But space agencies are now also broadcasting data that will be invaluable to you. Can you explain?
OB Today, agencies broadcast these admirable images but also all the observations and data created during the test episode. The latter has an important scientific interest. In fact, they will allow us to evaluate the quality of various instruments and test the data processing algorithms we have prepared. The rest of us, astronomers and astrophysicists, can’t wait to finally do some science with this telescope that we’ve been waiting for decades!

Your own observations will be from 10 September to 3 October. What do you want to analyze and how is JWST a resource for your project?
O.B. Our team is made up of three leaders: Els Peters of the University of Western Ontario in Canada, the Emily Hubert Institute for Space Astrophysics, and me.

For the Orion Nebula study we received 40 hours of observation. Locations are expensive: for this first wave of projects, only thirteen have been selected worldwide.

The trio coordinates an international team of about 150 people from 18 countries, with a strong team of about thirty researchers. We have received 40 hours of observations to study the Orion Nebula, a cloud of gas and dust at the center of the constellation of the same name. Locations are expensive: for this first wave of projects, only thirteen have been selected worldwide, i.e. approximately one lucky candidate for every ten candidates, and we are the only program with major responsibilities for France.

The group of galaxies, 290 million light-years away, is Stefan Quintet, the first compact group of four interacting galaxies, and a galaxy on another plane discovered in 1877. That’s awesome! », Comments Olivier Berné.

The Orion Nebula is interesting in two cases. First, it is at least partially representative of the environment in which the solar system was formed, a region of star and planetary formation. So studying it will allow us to better understand the structure of the sun and the planets that surround the earth such as the earth.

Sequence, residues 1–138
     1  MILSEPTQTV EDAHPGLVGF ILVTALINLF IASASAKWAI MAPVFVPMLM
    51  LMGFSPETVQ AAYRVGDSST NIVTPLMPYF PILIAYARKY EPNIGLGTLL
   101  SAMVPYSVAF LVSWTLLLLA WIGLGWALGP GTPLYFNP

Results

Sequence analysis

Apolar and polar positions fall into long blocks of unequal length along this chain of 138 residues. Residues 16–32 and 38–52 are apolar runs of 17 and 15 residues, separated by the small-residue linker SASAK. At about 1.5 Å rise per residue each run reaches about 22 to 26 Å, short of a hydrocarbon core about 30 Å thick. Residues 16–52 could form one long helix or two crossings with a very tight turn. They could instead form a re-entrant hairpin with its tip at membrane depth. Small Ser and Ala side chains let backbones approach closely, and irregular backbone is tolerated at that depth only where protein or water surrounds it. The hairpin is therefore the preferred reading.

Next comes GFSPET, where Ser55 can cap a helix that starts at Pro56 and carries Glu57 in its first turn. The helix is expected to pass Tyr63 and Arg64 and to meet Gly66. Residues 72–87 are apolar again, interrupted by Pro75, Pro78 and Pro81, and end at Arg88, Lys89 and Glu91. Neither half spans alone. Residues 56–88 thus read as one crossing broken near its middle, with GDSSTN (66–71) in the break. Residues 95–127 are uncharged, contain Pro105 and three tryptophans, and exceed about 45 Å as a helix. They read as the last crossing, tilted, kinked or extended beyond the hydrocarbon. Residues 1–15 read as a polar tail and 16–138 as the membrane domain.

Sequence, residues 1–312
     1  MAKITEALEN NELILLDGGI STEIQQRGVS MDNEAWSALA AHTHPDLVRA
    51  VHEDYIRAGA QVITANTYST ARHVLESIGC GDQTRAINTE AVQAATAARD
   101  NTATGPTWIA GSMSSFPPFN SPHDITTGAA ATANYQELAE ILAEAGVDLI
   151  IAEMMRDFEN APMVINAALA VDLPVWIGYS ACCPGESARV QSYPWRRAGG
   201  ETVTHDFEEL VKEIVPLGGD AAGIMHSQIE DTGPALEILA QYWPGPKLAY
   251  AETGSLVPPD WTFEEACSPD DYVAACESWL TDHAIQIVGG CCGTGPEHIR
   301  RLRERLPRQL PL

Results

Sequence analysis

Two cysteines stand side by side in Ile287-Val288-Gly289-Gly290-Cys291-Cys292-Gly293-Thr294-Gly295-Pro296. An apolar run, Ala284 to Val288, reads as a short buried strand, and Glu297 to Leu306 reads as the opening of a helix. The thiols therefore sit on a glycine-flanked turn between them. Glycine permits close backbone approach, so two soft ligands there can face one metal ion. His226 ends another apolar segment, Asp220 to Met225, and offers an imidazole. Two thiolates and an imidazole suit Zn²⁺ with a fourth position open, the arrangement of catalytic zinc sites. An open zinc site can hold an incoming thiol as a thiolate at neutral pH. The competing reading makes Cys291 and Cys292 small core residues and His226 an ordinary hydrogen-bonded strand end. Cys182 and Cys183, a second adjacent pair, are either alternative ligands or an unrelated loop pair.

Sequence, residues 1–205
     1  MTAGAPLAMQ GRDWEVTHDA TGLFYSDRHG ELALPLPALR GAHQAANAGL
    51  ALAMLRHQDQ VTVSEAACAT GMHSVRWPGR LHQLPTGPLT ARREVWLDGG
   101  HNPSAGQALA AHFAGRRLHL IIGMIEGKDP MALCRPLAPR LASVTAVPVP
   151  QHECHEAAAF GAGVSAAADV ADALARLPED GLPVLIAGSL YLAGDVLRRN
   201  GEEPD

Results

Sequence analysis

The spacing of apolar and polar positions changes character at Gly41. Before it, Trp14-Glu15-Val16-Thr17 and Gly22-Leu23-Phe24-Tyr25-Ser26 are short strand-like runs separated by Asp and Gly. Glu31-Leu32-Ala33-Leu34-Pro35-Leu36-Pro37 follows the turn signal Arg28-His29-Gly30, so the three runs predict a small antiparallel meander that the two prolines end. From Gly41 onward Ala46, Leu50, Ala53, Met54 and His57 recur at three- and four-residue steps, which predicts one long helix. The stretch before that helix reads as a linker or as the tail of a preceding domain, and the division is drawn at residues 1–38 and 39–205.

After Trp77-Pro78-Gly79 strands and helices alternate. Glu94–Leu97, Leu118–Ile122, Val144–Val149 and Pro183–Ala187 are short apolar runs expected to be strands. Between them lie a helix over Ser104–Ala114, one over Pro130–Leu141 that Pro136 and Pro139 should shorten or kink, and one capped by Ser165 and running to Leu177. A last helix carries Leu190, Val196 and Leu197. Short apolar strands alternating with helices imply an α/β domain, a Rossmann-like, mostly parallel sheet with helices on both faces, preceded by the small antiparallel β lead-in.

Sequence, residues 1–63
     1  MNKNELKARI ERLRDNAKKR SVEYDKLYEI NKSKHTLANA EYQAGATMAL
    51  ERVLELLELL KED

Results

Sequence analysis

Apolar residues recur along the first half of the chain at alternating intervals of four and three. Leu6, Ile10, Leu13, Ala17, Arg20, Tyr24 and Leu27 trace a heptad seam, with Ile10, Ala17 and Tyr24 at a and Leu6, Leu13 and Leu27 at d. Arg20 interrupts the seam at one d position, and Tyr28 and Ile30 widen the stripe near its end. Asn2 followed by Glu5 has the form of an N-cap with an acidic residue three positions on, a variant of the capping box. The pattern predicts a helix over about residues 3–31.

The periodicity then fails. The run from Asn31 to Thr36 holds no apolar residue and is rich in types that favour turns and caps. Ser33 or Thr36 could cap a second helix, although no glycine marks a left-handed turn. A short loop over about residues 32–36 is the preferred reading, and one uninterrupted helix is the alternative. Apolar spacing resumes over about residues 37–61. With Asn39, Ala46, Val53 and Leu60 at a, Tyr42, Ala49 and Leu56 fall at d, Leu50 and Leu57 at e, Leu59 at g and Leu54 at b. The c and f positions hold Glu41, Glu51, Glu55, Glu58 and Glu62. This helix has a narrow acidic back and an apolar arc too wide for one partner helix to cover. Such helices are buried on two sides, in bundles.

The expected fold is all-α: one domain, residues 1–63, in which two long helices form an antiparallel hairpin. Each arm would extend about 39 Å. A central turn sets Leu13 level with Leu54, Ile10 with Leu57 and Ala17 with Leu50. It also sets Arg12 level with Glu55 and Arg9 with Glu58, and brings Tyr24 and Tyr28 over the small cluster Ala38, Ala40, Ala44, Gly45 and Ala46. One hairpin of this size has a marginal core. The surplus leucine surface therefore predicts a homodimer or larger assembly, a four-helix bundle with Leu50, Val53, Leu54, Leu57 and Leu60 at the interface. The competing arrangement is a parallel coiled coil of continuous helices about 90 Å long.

On the other hand, distant galaxies observed by James Webb make many stars during their evolution. Their infrared radiation is therefore affected by the light signals received from the Orion Nebula. The difference is that Orion is close enough that different regions of the nebula can be observed with different physical parameters (temperature and density of the gas, the rate of formation of them and the energy of the radiation field, etc.). Our project is therefore to provide models that connect to the shape of the light signal obtained with these parameters, a standard that would make it possible to interpret signals received from distant galaxies. We have been preparing this project for almost ten years, and the observations made will remain at the center of our research for several years! 3
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A giant in the service of knowledge

The JWST is the largest and most powerful space telescope ever launched. It is designed to better understand our solar system, to observe distant worlds around other stars, to explore the origins of the universe. This is the result of an international partnership between NASA, ESA and CSA. ESA thus provided two of James Webb’s four scientific instruments: the NIRSpec spectrograph and the 50% Miri spectrograph and imager. Several laboratories affiliated with CNRS participated, such as the Laboratory for Space Studies and Instrumentation in Astrophysics (LACIA), the Marseille Astrophysics Laboratory (LAM) or the Space Astrophysics Institute (IAS). The telescope was launched on a rocket on December 25, 2021 5 in Ariadne From the European Space Center in French Guiana. With its 6.5-meter-wide mirror, it is now in orbit around Lagrange Point L2 in the Sun-Earth system, located 1.5 million kilometers from the Earth, opposite the Sun. 3

Read on our site
The James Webb Telescope is exploring the ancient universe